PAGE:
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hand pick
standard equipment
opal cutter machine


When the miner had the good fortune to find a good pocket of opal underground, he extracted it very carefully, usually with a hand pick and smaller tools to ensure maximum recovery and minimum damage. Above ground he examined his material by cleaning away the clay and other easily removable material, and then by careful chipping of the edge of the sample with pincers. This process may reveal any colour hidden inside the stone, allowing a better estimate of its value.

Nowadays the tendency is to take out the 'opal dirt' in bulk and agitate it in tumblers or washers to remove the clay and other soft material. The coarser material, which may range in size from gravel to small boulders, is mainly composed of quartzite. It is then sorted by hand to find any opal stones or pieces.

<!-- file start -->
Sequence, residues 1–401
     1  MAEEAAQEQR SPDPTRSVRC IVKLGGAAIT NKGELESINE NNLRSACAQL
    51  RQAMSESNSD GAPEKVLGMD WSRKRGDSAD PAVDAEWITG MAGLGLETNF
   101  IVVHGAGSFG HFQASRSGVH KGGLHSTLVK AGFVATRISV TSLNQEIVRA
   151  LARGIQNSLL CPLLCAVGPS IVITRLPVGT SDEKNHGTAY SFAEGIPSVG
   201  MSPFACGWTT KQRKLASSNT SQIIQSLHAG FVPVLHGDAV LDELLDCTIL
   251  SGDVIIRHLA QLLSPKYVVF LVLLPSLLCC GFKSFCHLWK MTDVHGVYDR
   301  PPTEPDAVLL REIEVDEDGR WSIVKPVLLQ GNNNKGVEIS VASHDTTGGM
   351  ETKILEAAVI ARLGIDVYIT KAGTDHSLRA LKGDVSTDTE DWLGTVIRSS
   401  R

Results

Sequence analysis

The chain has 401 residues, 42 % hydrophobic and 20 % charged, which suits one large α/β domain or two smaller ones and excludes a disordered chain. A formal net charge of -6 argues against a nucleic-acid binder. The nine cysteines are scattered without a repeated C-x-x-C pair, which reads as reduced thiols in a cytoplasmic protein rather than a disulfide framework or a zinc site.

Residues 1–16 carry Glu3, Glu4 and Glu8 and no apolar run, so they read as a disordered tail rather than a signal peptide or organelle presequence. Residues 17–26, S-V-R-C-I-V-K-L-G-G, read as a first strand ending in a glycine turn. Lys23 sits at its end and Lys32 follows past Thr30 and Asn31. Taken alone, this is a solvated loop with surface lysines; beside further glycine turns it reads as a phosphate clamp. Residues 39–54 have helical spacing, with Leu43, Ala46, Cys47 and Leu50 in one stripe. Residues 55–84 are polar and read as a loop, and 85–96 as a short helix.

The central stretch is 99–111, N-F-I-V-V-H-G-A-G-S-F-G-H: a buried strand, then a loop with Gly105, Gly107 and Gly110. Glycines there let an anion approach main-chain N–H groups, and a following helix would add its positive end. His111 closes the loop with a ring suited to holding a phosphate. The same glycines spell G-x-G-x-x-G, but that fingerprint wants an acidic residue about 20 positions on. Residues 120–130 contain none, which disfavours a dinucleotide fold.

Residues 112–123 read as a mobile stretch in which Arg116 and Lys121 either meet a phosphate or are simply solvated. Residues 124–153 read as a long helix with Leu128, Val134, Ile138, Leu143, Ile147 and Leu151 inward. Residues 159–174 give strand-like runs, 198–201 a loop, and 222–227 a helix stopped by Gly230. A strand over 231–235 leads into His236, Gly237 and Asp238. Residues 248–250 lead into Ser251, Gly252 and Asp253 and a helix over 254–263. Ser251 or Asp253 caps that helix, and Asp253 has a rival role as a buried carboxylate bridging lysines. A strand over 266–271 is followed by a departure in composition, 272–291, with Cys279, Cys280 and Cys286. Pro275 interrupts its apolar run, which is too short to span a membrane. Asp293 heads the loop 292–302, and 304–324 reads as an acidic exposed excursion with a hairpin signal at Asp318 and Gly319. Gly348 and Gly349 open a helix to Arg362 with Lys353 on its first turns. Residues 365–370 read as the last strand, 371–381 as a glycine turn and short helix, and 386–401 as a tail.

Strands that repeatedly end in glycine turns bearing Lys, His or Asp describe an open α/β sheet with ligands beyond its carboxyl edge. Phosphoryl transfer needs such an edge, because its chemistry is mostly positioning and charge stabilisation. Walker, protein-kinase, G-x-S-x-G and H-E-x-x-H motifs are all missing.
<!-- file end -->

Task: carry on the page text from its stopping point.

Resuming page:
When mining open cuts by means of bulldozers, the machine is used to carefully scoop at the opal level, with miners following the machine to gather any opal released. While there is a greater prospect of damage and breakage of larger pieces, the rate of recovery is much higher, so that it is considered that the risks are worthwhile taking.

In most areas, the miner sells his opal to the buyer in the raw state. This is largely the case in South Australia and Queensland, but less so at Lightning Ridge. The sales mostly occur on the fields, some to buyers who dwell in the opal fields much of the time, some to buyers from outside Australia. The latter, usually from southeast Asia, are especially active in South Australia. At other times the miners may submit parcels to established buyers and merchants in the Australian capital cities.

A large proportion of the opal produced, especially the good quality material, is now cut and polished in Australia. In the cities, automated machinery has been developed for cutting standard stones (R1624).

While most jewellery outlets stock opals, especially opal jewellery, there are numerous companies which specialise in marketing opal, both wholesale and retail. There are major retail showrooms in all the large cities. These are worth visiting, if only to see the arrays of beautiful stones on display, as well as other exhibits such as opalised fossils, both large and small. The showroom of Cody Opals in Melbourne is decorated to resemble an opal mine, as well as having models of mines and their activities.